all images by Dawn T
You will need silk fabric paint, silk fabric (I used ready made due to time constraints), paint brushes, paint palette or glass jars, newspaper, rags and/or sheets, trash bags and an open space. I used all the colors labeled green, but ended up mixing in quite a bit of yellow with several of the colors that read more in the blue family.
I used my dining room table and covered with trash bags, then a sheet and newspapers. The fabric needs to be suspended so that the surface underneath will not affect how the paint moves on the fabric. This is usually done with a stretcher, but keeping the project low budget and on the fly, I improvised by tying string and a binder clip the the backs of my dining chairs. Then I stretched the silk piece by attaching the binder clips to all four corners of the fabric. You might have to move your chairs apart and around a bit to get the most even stretch possible.
PAINT & SALT
I just started experimenting by pouring some of each paint color into palette and applying to my fabric in large shapes. I liked keeping a dark and light shade next to each other to allow for more dramatic bleeding. I found that I achieved a better starburst effect with the salt if applied right after I finished with each color. By painting to the edges and puddling a little paint around the binder clips, I eliminated the white edges.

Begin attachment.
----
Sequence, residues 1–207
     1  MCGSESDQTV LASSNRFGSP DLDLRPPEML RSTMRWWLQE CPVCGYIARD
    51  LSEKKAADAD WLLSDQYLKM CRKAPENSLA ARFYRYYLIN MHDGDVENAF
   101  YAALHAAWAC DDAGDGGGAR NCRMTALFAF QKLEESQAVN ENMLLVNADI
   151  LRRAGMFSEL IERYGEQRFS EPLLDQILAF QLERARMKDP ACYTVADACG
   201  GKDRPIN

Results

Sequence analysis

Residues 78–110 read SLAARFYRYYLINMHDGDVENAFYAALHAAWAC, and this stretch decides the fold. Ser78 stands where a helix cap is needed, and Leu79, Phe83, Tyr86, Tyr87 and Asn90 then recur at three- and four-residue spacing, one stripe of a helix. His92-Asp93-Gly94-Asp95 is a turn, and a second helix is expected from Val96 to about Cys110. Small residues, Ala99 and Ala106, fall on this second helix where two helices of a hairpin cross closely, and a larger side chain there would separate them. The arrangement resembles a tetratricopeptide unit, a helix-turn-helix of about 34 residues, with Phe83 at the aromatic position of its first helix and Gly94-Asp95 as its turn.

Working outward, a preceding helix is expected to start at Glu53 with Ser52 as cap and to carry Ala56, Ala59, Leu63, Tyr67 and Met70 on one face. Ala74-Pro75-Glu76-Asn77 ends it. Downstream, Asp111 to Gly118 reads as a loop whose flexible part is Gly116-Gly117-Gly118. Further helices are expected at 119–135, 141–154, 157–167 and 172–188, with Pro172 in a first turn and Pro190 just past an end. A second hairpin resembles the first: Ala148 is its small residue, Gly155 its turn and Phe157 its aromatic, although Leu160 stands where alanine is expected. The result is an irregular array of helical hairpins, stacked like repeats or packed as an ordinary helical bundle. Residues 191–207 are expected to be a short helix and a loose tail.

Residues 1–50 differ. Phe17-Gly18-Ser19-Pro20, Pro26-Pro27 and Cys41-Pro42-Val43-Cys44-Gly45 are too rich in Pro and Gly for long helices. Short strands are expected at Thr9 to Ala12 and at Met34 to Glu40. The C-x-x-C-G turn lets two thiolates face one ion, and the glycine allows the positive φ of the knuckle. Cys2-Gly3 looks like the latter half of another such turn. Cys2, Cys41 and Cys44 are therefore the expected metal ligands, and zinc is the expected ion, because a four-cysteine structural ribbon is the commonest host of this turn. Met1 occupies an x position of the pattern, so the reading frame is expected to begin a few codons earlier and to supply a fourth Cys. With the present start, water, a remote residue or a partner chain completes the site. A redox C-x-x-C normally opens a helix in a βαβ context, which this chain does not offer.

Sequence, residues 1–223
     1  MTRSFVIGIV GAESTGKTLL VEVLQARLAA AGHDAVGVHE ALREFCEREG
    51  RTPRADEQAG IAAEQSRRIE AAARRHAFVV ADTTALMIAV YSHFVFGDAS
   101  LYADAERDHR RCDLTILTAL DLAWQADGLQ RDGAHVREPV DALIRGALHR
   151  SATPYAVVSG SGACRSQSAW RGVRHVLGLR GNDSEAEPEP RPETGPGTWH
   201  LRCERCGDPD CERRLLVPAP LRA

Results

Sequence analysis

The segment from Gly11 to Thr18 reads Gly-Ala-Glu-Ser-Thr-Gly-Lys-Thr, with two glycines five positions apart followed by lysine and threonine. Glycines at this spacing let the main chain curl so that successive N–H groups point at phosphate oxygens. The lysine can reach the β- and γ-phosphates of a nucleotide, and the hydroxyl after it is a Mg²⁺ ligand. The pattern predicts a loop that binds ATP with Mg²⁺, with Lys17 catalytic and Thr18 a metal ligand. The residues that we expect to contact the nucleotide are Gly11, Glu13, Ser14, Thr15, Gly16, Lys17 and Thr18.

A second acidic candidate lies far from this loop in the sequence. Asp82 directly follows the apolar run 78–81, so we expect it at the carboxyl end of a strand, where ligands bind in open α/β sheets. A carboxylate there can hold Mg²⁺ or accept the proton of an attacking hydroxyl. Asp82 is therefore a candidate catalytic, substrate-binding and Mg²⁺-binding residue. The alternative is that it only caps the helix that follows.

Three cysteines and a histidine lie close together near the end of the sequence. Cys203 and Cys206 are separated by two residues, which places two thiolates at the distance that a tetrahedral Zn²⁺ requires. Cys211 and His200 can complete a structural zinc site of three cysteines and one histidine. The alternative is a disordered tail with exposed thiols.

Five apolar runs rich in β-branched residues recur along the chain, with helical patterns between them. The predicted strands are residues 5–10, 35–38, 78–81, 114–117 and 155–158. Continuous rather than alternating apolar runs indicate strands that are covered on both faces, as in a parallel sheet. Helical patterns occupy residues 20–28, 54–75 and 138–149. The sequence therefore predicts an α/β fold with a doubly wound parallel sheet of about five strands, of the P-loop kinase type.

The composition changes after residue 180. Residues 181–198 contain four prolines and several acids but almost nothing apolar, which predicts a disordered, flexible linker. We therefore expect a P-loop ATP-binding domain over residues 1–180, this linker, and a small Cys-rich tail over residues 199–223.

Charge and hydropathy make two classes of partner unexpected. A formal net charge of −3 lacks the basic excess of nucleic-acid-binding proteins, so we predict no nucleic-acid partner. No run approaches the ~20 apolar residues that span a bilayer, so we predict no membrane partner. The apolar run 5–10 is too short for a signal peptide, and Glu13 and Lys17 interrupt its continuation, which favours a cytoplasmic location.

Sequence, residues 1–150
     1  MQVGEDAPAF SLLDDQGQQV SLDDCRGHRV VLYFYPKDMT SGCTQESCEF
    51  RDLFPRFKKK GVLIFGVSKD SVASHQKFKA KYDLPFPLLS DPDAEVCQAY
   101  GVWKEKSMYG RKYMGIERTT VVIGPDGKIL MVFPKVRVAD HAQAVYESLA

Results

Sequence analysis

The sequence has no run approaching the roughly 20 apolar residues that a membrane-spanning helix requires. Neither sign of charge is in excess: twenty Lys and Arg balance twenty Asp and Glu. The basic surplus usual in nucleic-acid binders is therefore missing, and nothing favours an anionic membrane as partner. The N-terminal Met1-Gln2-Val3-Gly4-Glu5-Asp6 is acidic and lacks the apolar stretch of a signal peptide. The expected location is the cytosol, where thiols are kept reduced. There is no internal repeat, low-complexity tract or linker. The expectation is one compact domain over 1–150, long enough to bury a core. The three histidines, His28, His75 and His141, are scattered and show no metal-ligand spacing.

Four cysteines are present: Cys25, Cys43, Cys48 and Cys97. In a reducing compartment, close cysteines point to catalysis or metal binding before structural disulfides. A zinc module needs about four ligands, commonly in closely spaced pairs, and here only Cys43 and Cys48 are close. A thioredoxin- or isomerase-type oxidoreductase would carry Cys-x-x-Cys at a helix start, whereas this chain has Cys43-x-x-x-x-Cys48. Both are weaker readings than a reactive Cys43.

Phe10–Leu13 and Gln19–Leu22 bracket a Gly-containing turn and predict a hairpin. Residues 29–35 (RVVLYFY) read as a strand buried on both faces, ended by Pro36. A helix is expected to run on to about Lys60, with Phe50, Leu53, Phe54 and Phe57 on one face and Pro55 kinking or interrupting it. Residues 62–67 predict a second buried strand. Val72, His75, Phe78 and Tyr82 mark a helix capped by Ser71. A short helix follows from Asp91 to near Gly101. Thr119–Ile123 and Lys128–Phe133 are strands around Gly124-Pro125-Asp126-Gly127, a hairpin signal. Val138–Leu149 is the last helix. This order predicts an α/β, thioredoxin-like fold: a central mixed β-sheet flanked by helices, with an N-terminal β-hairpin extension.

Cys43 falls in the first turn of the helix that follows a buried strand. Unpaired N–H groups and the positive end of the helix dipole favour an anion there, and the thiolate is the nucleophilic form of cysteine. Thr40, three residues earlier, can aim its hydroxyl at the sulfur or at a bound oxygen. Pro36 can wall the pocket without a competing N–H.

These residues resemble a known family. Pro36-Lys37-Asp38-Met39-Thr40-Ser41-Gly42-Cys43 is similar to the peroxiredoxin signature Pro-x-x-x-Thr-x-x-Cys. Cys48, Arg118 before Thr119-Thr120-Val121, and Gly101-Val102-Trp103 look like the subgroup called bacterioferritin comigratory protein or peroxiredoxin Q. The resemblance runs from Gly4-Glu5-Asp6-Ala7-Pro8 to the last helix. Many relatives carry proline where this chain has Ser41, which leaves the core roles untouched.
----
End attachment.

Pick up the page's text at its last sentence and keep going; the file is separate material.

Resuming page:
You could leave the silk piece suspended where you painted it to dry, which will happen pretty fast. I found that pulling them down and hanging on the line allowed me to move to the next piece immediately and in the hot summer sun, they were dry in less than five minutes. Put them somewhere safe for the next 24 hours before the next step. Anywhere without moisture should be just fine, I laid mine on a towel over night.
You must set the dye in the fabric in order to make them durable and so they will not bleed when wet. I chose to use the Jacquard Dye set also due to time constraints, but believe you get the best color retention when steam setting. I wish I had some tips to share here, but I just followed the package directions. During the rinse stage, I used my washer on gentle setting and cold water.
I will say to not be too nervous when the water you dunk the scarves in turns very very green (or whatever main color you used), everything was fine in the end. Next time I’ll try steam setting and let you know how that goes.
Also on the to try list: Eco Dyeing. I plan to enjoy my scarves as tables runners, light fall accessories, cushion covers, and maybe make some for future gift giving. I might try to use one on a skeleton lamp shade frame I’ve got. Do you have any thoughts on creative uses for these?